Iris flowers

Friday cocktail: Raspberry Fizz

garden in May

FIVE reasons to drink a Raspberry Gin Fizz this evening

It’s Friday

It’s a beautiful hot sunny Friday

It’s a beautiful hot sunny Friday and the garden is in flower

It’s a beautiful hot sunny Friday and rain is forecast for Bank Holiday Monday

I can think of no good reason not to drink a Raspberry Gin Fizz this evening

Should you wish to drink one too

Slamseys raspberry gin with elderflower presse

Pour a generous measure of Slamseys Raspberry Gin into a pretty glass

Drop in a few cubes of ice

Top up the glass with Elderflower Pressé or Elderflower Tonic Water or better still, home-made Elderflower Fizz.

Decorate with a slice or wedge of lemon.

Stir gently. Sip. Enjoy.

Need a recipe for Elderflower Fizz? You’ll find one here

Need more ideas for Raspberry Gin cocktails? There’s lots here

Have a relaxing weekend.


An Ordinary Week

Reading blogs from around the world and particularly prompted by Sarah’s post Finding Your Normal, makes me aware of just how differently we live. Your normal, ordinary day is my extraordinary. Sarah knits with a lamb by her side as she waits for her cheese to set; Glenda has bucket loads of passion fruit to deal with whereas I buy a few at 60 pence each to use sparingly; Jane deals with heat and looks across a red, dusty landscape; Sam gazes from her home across an ever changing seascape …

Here’s a glimpse of an ordinary week at Slamseys. Nothing exciting. Just the normal day to day. But possibly quite different to yours.

oilseed rape crop

 

I walk past this field of oilseed rape each day and have watched it grow from tiny seeds, been grazed by marauding pigeons and finally it has burst into flower. The poles carry the high voltage power lines that make up the National Grid, which are a pesky nuisance for tractors to negotiate around when they’re in the middle of fields but remarkably handy when you want to turn on the lights.

 

Miss Rachel's Yoke sweater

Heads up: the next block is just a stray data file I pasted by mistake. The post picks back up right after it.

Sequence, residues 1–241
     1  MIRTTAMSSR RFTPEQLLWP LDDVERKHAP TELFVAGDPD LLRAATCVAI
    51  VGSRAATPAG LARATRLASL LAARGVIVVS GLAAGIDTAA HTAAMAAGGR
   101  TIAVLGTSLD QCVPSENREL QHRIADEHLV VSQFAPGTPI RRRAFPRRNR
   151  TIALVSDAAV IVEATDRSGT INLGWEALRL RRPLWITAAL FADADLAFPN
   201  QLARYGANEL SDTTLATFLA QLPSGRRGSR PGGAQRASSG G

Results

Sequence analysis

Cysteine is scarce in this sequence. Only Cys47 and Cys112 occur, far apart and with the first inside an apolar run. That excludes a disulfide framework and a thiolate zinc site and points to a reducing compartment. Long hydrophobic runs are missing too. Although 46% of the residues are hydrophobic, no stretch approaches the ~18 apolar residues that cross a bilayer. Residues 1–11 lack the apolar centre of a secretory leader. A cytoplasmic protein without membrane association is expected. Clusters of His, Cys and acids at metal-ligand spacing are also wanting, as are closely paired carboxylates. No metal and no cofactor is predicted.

I try to always have something on my knitting needles but am between projects at the moment since I finished this sweater (Miss Rachel’s Yoke  from Kate Davies). This sweater was straighforward to make as it was knitted in the round and only needed real concentration for the patterning on the yoke.

 

ducks waiting to be fed

 

The ducks waiting to be fed. Some days, they decide they can wait no longer and come to the kitchen window to chivvy me along. Before I kept ducks, I imagined they would spend most of their time on the pond, but instead they wander all over the place. Last week, I found them marching down the chase headed for the road and a few years ago they ended up sitting on the central reservation of the nearby dual carriageway.

rusty duck

 

 

Every day, when I shut up the ducks, I walk past a building with doorways that have been blocked with rusting metal panels. As I waited for one of the ducks, who was waddling particularly slowly that day, I noticed this little duck in the rust. How apt.

 

Slamseys Blackcurrant Cooler

 

Drinking a tot of gin at the weekend seems a perfectly normal and sensible thing to do, especially when Beth needs tasters for some product development. This Slamseys Blackcurrant Cooler looks set to be my favourite during this spell of warm, sunny May weather.

Easy to make and oh so easy to sip.

 

Slamseys Blackcurrant Cooler

2 shots Slamseys Blackcurrant Gin
1 shot fresh lime juice
Ginger Beer

Drop some ice cubes into a highball glass and pour in the Slamseys Blackcurrant Gin and lime juice.

Top up with ginger ale and garnish with a wedge of lime or a sliver of cucumber.

Find a sunny spot in the garden and enjoy.

What’s your normal, ordinary? Do share.

If you want to know more about oilseed rape, you might be interested in Fields of Gold, which explains why it’s grown and what it’s used for.

 

 

 


In My Kitchen – March 2015

In my kitchen …

making blood orange jelly

… making blood orange jellies with orange and lemon juice, sugar, water and some gelatine leaves with a splash or two of Slamseys Marmalade Gin. A perfect mid-week pudding when we just want a spoonful or two of something sweet.

In my kitchen …

English muffins

… muffin making. Not sweet American muffins but proper English muffins made with yeasted dough, cooked on the girdle where they puff up before your eyes. We twist them open and toast them to eat with a generous spreading of butter and jam or a poached egg. If I was trying to impress then I could have made hollandaise sauce so that we could have Eggs Benedict, but instead we sandwiched the egg between each half so that the egg yolk ran down our chins when we bit into it.

In my kitchen …

giant jaffa cakes

… making giant Jaffa cakes. I know, why would you, when it’s easy to buy a packet. Well, sometimes it’s fun to try. Of course there were comparisons. Why isn’t there a little hump where the orange jelly goes? Why have you used marmalade? They’re a bit soft for Jaffa cakes. A work in progress.

In my kitchen …

vegetable garden March